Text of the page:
You're a Final Fantasy fan, aren't you? So what are you doing with a boring standard wall clock hanging on there?
Although this isn't an original idea of mine (I've already seen similar clocks on the internet) I've decided to create this tutorial because I haven't seen it yet in this website, is something very easy to create and I'd like to make it even easier to you all! So let's begin.
Step 1: Materials
For this instructable, you will need:
- A wall clock wich can be unmounted. The cheap standard ones works perfectly.
- Cutting knife
- Computer with some kind of image software (photoshop, gimp, corel draw...)
Step 2: Unmounting the Clock
First of all, you have to disassemble the whole clock. Maybe yours is different from the one shown here, but many of the wall clocks you can find are very similar to unmount. Try to remove the backside first, by unscrewing the screws if it has them. Be sure how it has to be done in your clock, try not to break it by forcing it. Almost all the clocks are made to be easy to dismount.
Step 3: Measuring the Face
Use a ruler to measure the diameter of your clock. It will be very important for making the design fit. It's a good idea measuring also the diameter of the center hole, so you can see how will it look the design when finished with more accuracy.
Step 4: Messing With Photoshop
For this step, you will need basic photoshop knowledge. Don't worry, if you don't know something about image treatment, you will be also capable of resizing the template I have attached without a lot of effort, but you'll still needing a program like Adobe Photoshop, Gimp (this one is for free) or Corel Draw Graphics Suite.
I recommend to create a template with 300ppp resolution, A3 format if the diameter is larger than the A4 width (my case). If the clock is smaller, you can make the design normally in A4 format. (The archives attached here are all in A3 format)
Here you will find 3 archives: a PNG format image, a PDF format archive and a RAR archive wich contains the PSD format template. I have attached the template ready for printing in pdf format, but this will only fit for you if your clock has exactly the same diameter than mine (22,5 cm). In other case, the pattern must be resized. You can download the .rar attached to this step, wich contains the .psd archive. Just select all the elements which forms the face of the clock and resize them, maintaining the aspect ratio, to the diameter you have previously measured.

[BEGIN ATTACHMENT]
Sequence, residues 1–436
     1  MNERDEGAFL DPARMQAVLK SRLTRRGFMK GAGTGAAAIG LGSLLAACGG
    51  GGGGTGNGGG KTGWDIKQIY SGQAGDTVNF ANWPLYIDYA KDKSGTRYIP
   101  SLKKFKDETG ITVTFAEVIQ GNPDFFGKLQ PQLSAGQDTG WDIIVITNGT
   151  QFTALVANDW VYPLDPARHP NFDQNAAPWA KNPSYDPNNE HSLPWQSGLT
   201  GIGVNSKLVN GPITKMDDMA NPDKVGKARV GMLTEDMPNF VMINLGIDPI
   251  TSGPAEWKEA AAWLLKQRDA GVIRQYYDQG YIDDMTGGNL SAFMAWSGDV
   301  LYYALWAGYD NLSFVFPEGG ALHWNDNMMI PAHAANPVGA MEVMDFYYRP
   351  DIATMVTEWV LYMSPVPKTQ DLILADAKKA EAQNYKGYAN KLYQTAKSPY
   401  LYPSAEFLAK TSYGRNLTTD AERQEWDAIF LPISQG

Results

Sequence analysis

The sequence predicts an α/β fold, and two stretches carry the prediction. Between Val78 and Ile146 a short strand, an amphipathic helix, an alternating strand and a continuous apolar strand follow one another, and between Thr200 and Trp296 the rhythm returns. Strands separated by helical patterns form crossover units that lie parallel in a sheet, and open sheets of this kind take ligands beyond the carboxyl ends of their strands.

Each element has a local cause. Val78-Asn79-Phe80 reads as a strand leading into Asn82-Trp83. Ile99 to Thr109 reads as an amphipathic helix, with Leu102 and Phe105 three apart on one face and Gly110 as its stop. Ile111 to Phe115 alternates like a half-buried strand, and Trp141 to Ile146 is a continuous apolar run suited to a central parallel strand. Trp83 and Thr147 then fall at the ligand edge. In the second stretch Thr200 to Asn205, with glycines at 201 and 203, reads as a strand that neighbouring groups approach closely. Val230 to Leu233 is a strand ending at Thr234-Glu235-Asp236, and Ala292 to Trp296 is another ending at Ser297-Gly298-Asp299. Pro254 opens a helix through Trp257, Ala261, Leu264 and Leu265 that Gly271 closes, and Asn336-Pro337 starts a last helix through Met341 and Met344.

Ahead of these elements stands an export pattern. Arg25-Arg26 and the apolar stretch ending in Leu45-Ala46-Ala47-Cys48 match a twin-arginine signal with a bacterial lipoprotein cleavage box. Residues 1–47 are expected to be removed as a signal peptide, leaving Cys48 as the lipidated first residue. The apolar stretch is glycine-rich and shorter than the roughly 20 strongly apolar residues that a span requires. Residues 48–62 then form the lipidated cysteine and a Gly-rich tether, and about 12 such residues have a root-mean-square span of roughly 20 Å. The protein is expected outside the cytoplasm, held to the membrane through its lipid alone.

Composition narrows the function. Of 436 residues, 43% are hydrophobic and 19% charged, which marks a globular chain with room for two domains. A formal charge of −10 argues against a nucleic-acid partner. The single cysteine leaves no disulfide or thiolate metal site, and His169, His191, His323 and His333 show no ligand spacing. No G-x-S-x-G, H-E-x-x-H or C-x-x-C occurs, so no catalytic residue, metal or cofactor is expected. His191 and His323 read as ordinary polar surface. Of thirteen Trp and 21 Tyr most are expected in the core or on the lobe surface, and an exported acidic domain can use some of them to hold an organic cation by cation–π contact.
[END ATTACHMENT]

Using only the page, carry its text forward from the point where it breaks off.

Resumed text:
Something interesting would be replacing the image in the middle (the Final Fantasy Legends logo) for a pic of your favourite FF character. You can also replace the Moguris used for the hands of the clock by whatever you desire (chocobos, for example?).
Of course, the Final Fantasy theme is only an idea, but you can easily make another design completely different. It's very simple: make a circle with the diameter of your clock and put inside anything you imagine! For example, you can replace the FF logos by chemical elements (H, He, Li... Mg).
Step 5: Printing, Cutting Out and Glueing
When you have the template ready, you have to print it. Mine was too big for my printer, because I needed something bigger than the A4 standard format, so I had to take the template to a printer's. I chose a paper slightly thick than the standard one. Don't worry, even at a printer's and needing an A3 format, it still being very cheap: less than 1 euro for page, and we only need one!
Then, use a pair of scissors to carefully cut out the face of the clock and the little moguris.
Apply glue in the back of it and stick it to the original face of the clock that we have previously removed. Let it dry and then cut out the hole for the hands as shown in the images, using a cutting knife.
Step 6: Details
I'll show you a tip for cutting out the moguris. It will work also if you have replaced them by another character or icon. As you can see, it's very small to be perfectly cut out without leaving white borders. Don't worry, take a black marker and paint them!
Then simply glue the character in the hands of the clock, using tape or glue. I originally planned to stick one figure in each hand, but finally decided to put it only in the one that marks the seconds.
Step 7: Putting It Back Together
Now all you have to do is remount the clock. Simply follow back the steps you had to do for dismounting it.
BE CAREFUL! Normally, it doesn't matter how do you put the hands, whenever you put all of them pointing at the 12 number. BUT if your clock has an alarm hand, you have to check where is it actually pointing. This is important because when the hour hand reaches the alarm hand, it has to sound. This kind of mechanism is more common in alarms clocks than wallclocks.
When you have done all, check if it works properly and... ENJOY YOUR NEW CLOCK, GAMER!
PD: My English isn't perfect, so let me know if I had committed any grammatical mistake or I have used an uncommon word!